Saturday, November 3, 2007

[wvns] Carter's Efforts To Mend Ties With Jews Get Cold Shoulder

Carter's Efforts To Mend Ties With Community Get Cold Shoulder
Foxman: 'I Didn't Want To Be Used'
Nathan Guttman
Wed. Oct 31, 2007
The Jewish Daily Forward

www.forward.com


Washington - Jimmy Carter's newest efforts to repair relations with
the Jewish community were rebuffed not once but twice last week ? and
at the very highest levels.

Carter's first outreach effort came in an invitation to Jewish groups
to discuss ways that the former president could help make the upcoming
Middle East peace conference a success. While Carter invited most of
the major Jewish organizations, the event was only attended by
representatives of the Reform movement and by several smaller dovish
Jewish groups.

"I didn't want to be used," said the Anti-Defamation League's national
director, Abraham Foxman, one of the leaders who turned down Carter's
invitation. "I didn't think anything constructive could come out of
the meeting, except for him being able to say he met with Jewish leaders."

Carter has encountered similar difficulties in reaching out to Jewish
lawmakers on Capitol Hill. A closed-door meeting he held with Jewish
members of Congress turned into a passionate rebuke of the former
president's views on Israel and the Middle East.

"He left the room less happy than Lincoln was when he left the Ford
Theatre," said Rep. Gary Ackerman, a New York Democrat who attended
the meeting.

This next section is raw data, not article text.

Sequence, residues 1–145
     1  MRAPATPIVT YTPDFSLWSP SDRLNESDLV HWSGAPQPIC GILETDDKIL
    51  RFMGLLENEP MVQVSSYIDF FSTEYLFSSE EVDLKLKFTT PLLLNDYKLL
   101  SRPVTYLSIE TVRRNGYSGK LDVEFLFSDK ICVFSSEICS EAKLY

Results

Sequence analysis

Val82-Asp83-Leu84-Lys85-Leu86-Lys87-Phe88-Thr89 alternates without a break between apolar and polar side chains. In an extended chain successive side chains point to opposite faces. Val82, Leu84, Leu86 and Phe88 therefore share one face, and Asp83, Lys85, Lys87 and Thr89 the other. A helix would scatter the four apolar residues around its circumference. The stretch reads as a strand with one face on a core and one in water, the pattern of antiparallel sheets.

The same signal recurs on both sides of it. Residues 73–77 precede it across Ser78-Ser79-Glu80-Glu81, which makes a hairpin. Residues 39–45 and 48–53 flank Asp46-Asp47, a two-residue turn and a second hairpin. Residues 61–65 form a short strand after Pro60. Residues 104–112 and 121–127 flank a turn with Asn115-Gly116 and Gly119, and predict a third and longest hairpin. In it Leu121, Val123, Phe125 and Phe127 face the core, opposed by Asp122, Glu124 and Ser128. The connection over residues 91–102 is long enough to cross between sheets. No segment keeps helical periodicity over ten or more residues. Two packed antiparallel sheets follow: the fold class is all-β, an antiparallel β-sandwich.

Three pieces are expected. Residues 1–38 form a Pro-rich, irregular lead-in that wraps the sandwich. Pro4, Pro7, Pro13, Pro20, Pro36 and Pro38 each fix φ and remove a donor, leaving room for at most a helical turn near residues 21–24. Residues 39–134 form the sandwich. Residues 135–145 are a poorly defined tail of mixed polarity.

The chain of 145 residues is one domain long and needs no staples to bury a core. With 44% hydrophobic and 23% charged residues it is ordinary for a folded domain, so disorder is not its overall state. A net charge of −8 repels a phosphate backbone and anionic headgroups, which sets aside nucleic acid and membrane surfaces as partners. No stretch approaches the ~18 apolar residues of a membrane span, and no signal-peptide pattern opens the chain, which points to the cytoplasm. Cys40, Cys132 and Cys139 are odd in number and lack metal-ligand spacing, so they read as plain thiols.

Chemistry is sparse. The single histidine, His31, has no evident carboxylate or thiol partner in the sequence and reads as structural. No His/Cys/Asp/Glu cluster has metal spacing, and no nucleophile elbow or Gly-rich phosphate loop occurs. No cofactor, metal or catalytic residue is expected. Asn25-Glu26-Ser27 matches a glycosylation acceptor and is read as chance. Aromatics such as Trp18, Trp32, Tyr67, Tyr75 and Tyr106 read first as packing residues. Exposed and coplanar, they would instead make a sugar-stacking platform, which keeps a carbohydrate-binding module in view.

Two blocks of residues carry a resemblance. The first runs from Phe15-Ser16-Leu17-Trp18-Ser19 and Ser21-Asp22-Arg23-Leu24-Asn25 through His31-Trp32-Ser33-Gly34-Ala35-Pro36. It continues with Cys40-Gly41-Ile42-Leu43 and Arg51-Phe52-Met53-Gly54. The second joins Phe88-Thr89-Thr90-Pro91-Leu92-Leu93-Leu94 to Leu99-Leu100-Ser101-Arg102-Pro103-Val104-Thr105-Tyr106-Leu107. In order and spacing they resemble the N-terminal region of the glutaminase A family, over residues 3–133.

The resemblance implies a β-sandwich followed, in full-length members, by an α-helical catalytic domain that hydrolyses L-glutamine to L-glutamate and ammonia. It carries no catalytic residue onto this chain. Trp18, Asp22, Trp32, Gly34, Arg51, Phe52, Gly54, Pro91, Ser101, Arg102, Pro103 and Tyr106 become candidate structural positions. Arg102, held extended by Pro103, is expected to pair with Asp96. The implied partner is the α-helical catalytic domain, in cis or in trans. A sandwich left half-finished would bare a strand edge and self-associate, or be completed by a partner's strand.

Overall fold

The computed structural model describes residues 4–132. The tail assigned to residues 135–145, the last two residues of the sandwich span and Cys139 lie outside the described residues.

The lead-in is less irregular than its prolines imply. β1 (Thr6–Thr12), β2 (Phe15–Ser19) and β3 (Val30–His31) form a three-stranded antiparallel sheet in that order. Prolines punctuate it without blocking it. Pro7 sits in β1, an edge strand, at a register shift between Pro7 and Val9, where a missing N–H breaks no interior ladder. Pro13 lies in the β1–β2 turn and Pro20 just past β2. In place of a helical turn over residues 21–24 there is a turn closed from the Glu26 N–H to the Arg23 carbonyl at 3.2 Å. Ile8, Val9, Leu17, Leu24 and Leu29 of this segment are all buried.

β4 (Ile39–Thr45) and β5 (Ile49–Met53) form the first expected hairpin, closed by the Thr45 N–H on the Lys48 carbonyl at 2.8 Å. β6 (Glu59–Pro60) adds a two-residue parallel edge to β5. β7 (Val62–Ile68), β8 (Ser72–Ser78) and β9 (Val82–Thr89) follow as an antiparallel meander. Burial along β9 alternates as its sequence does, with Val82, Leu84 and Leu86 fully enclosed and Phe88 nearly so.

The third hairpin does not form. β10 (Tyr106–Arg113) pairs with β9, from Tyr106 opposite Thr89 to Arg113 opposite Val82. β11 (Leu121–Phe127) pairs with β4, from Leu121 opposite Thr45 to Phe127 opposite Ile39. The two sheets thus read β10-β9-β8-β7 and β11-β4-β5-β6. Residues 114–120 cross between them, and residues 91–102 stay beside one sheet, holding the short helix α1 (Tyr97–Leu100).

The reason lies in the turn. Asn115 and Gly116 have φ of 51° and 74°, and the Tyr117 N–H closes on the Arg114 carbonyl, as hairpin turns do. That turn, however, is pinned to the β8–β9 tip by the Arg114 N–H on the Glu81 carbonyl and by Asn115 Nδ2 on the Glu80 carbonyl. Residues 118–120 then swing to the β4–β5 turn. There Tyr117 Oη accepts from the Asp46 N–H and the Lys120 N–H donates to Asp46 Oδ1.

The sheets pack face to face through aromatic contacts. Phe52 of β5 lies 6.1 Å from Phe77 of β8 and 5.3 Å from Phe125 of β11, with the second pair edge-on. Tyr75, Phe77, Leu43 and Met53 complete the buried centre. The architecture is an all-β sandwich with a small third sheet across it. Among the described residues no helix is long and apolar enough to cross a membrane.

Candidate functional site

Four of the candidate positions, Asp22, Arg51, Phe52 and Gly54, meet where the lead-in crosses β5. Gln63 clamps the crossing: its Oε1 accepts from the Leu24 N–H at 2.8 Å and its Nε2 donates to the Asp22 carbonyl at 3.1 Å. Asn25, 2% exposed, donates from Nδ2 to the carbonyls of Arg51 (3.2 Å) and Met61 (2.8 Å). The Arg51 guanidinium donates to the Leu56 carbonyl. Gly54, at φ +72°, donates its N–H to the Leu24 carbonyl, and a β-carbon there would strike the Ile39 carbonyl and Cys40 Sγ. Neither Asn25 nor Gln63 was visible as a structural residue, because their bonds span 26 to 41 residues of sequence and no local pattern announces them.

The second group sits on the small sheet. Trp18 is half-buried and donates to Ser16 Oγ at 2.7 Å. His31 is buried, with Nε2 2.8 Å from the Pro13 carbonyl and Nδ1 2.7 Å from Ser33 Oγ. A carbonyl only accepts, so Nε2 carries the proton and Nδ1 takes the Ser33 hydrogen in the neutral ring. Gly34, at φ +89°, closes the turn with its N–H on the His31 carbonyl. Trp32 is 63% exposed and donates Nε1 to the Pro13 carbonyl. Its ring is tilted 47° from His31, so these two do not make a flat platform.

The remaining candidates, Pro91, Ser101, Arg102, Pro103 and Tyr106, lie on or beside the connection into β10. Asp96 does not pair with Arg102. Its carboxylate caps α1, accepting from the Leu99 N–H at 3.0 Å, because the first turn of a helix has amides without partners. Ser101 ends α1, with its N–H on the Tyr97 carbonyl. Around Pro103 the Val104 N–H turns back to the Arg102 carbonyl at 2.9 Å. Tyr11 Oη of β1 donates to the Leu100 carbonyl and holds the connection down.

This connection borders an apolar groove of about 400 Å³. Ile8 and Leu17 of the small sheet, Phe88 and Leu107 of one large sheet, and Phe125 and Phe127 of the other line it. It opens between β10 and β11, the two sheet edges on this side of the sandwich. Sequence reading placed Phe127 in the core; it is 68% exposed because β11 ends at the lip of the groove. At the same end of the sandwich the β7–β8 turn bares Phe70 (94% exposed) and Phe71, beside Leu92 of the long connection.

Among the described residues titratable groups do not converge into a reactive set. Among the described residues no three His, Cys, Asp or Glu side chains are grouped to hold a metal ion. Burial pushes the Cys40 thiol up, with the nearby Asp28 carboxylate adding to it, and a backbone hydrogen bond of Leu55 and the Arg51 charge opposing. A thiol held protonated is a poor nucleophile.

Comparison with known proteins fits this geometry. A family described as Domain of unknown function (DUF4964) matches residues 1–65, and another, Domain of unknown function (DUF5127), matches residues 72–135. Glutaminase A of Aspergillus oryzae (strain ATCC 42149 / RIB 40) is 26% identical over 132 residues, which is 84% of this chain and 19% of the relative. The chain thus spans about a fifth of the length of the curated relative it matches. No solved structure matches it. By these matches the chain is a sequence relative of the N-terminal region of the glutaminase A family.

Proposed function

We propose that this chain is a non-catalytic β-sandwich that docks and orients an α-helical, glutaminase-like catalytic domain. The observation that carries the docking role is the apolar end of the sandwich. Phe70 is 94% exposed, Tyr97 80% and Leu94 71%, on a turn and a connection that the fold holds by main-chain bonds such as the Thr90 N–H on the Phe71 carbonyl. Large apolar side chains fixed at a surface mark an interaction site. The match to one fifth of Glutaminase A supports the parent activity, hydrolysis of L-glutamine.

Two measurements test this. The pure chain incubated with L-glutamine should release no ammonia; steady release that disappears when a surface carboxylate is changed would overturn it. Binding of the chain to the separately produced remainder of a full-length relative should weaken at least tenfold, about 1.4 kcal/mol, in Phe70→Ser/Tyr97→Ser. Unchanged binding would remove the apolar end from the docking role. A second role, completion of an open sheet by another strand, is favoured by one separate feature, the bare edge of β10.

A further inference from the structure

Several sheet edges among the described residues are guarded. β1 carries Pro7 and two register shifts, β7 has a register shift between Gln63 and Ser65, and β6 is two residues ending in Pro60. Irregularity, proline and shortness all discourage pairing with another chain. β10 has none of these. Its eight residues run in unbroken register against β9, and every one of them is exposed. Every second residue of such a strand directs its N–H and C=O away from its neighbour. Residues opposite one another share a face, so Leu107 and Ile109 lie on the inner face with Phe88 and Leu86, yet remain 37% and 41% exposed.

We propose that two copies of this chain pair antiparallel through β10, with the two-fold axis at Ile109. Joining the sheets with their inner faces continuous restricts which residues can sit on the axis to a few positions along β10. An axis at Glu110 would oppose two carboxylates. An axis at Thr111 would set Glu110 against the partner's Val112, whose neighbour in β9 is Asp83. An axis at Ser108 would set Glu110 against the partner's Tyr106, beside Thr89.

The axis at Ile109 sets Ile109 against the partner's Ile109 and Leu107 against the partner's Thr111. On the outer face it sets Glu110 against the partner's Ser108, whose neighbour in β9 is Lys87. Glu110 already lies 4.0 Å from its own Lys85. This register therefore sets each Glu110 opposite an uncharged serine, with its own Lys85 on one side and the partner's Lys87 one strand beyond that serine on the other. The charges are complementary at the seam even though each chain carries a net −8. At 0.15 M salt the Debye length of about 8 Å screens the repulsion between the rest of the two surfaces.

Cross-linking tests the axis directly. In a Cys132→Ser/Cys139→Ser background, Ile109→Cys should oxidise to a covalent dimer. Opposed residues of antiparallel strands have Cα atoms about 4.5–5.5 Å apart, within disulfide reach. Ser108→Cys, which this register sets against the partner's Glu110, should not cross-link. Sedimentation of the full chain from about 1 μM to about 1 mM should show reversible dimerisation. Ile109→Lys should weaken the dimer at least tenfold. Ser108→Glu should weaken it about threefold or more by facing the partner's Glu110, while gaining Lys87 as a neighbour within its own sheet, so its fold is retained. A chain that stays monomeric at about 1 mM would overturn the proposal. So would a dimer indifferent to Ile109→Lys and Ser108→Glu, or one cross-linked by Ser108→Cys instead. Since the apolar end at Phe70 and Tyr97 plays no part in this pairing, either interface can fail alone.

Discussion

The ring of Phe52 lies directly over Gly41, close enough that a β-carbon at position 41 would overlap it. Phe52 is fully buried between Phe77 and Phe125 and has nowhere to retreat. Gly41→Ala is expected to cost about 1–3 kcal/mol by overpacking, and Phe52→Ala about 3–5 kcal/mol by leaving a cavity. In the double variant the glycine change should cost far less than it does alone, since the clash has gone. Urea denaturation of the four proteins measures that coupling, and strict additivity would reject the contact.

Carter has had strained relations with much of the organized Jewish
community since the publication of his book "Palestine: Peace Not
Apartheid" and his ensuing remarks regarding the Jewish lobby's
influence on American foreign policy. The reception he received last
week suggests that the resentment is still strong and that it may pose
an obstacle for him as he attempts to offer his help in brokering
peace in the Middle East.

His renewed appeal is part of his work with a group known as The
Elders. Founded by South Africa's Nelson Mandela last summer, The
Elders consists of 13 senior statesmen who attempt to use their
international clout and their experience to deal with the world's most
pressing conflicts. Along with Carter, members include Desmond Tutu,
Burmese opposition leader Aung San Suu Kyi and former United Nations
secretary general Kofi Annan. The group's first mission was to Darfur,
and it is now looking into taking an active role in the
Israeli-Palestinian conflict.

The invitation to Jewish organizations, sent out by Elders liaison
Mickey Bergman, stated that the purpose of the meeting was to discuss
ways in which The Elders can help out with the Middle East peace process.

The invitation was not totally unrewarded. The Wednesday lunchtime
meeting was attended by five Jewish members, including the Reform
movement's Religious Action Center, which was represented by Rabbi
David Saperstein. Other groups that sent representatives were Israel
Policy Forum, Americans for Peace Now, Brit Tzedek V'Shalom and the
New Israel Fund. All are strong advocates of a two-state solution
between Israel and the Palestinians. Another participant in the
meeting was Tom Dine, a former executive director of the American
Israel Public Affairs Committee who is also known for his dovish views.